While the level of compliance due to the size of transaction is a key differentiator with the Bitcoin of America’s bitcoin ATM business, it has not been without its own learning curves for the business. In 2018 there were estimated to be under 2,500 such machines in the US, with new ones being installed at a rate of about five a day. Now in 2020 there are close to 6,000 bitcoin ATM machines, according to Coin ATM Radar. It hasn’t always been plain sailing for Bitcoin of America in this booming market for bitcoin ATM machines, or ‘BTMs’ as they’re often called. One particularly unpleasant experience for Bitcoin of America came in the form of “approximately 70 bitcoin ATMs” having been smashed, including “nearly 20” operated by Bitcoin of America, highlighted in a lawsuit against criminal triumvirate Andrew Konja, Alvin Konja and Odai Mabroukare in late 2016. As reported by Coindesk at the time, their goal was to put other operators at a disadvantage through extortion and destruction of property, and as a result the defendants stood accused of violating the Racketeer Influenced and Corrupt Organizations (RICO) Act.
“I was surprised that people would do this. I mean, I live in Chicago, it seemed like the 1920s in Chicago that people would run around and smash competitors’ bitcoin machines just to pay in some kind of competitive advantage and get into a location across the street. So we really felt an obligation to do something because we didn’t want to be a competitor in the Wild West. We want this whole industry to be a very professional, and well-run industry,” said Suriano. The story of smashed bitcoin ATMs does appear to have a relatively happy ending, with a successful $196,000 court judgement against Andrew Konja, which Bitcoin of America is in the process of enforcing. “It’s a case of letting people know we are not going to stand for this. And it’s also created a pathway for others in the business who know if it were to happen to them that there is a way they can do something about this,” he added.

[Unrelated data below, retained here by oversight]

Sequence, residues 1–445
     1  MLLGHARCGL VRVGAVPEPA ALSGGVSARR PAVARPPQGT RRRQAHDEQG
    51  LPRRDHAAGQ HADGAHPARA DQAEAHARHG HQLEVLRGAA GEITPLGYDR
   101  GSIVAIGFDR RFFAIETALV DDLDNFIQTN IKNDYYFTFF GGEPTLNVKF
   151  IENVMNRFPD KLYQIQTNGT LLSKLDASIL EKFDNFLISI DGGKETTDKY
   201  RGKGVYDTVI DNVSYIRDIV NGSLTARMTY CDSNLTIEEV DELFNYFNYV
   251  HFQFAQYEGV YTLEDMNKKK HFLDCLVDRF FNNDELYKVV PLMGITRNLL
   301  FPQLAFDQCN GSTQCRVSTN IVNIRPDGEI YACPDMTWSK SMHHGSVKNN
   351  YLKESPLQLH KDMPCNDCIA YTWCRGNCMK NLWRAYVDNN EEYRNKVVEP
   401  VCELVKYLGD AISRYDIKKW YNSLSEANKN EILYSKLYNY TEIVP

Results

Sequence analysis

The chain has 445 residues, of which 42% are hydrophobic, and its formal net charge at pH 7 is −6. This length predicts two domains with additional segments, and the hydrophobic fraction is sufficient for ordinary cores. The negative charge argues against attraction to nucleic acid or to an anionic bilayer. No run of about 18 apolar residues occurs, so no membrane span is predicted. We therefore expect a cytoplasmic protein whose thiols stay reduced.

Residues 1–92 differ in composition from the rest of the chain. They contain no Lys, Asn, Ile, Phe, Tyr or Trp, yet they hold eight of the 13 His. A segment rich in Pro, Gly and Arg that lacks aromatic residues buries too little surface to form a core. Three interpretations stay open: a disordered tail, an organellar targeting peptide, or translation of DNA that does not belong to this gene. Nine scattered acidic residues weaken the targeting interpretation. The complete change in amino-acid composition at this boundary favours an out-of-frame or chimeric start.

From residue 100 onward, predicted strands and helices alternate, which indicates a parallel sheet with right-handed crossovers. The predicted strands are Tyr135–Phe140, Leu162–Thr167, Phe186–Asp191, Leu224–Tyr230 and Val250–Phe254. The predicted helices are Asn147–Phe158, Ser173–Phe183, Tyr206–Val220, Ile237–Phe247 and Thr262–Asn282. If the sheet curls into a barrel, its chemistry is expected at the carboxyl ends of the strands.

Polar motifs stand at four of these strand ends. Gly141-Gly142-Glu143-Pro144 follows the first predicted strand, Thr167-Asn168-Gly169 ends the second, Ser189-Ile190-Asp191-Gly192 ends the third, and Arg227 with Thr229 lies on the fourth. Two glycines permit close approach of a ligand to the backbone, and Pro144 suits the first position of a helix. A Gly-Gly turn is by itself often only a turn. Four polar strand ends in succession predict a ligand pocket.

While the case did receive unwelcome publicity from Bloomberg in 2018, depicting bitcoin ATMs as a serious risk for potential money laundering, it’s clear Bitcoin of America does have a robust system to ensure their safety. Each machine comes with a built-in camera within the machine so Bitcoin of America staff can see exactly what’s going on, and who’s at the machine. “There are a number of things that we can do at the machine that actually can ensure the security of a particular transaction, so it’s not possible for someone to steal somebody’s ID and use that ID to buy from a bitcoin machine. Plus the fact that it’s safer as we don’t do two way transactions. We only work one way where you put cash in and you get out bitcoin, sent to your wallet. So that takes away a level of security concerns,” added Suriano.
The Great American Story
The fraud victims’ restitution case and the successful action against Kanja is not just good news for Suriona, but also testament to the hard work of Bitcoin of America’s President and founder, Sonny Meraban who started the business from scratch. Coming from the high end automobile business, this meant learning the nuts and bolts of cryptocurrency, exchanges and bitcoin ATMs from start to finish. Suriona explained: “That’s the thing that impresses me most about Bitcoin of America; it’s really what we in America would call the great American story, right? It’s somebody deciding I can do this. It’s going to take a lot of work. I mean, it’s not something that many people would look at. I mean, the guy on the street, you know, is he gonna walk down the street and have this idea in his head? But for whatever reason, Sonny Meraban decided, I’m going to do this, but I’m going to do it right and I’m going to build a business. And he’s done a remarkable job at doing that”.
“Now with 300 Bitcoin ATMs in 2020 starting with zero in 2015, and with the exchange software, and compliance in place, we have all of these pieces that are working pretty well, right now. And to put all of that together in the amount of time that he did and build this business, I’m proud of the guy for doing it,” he added.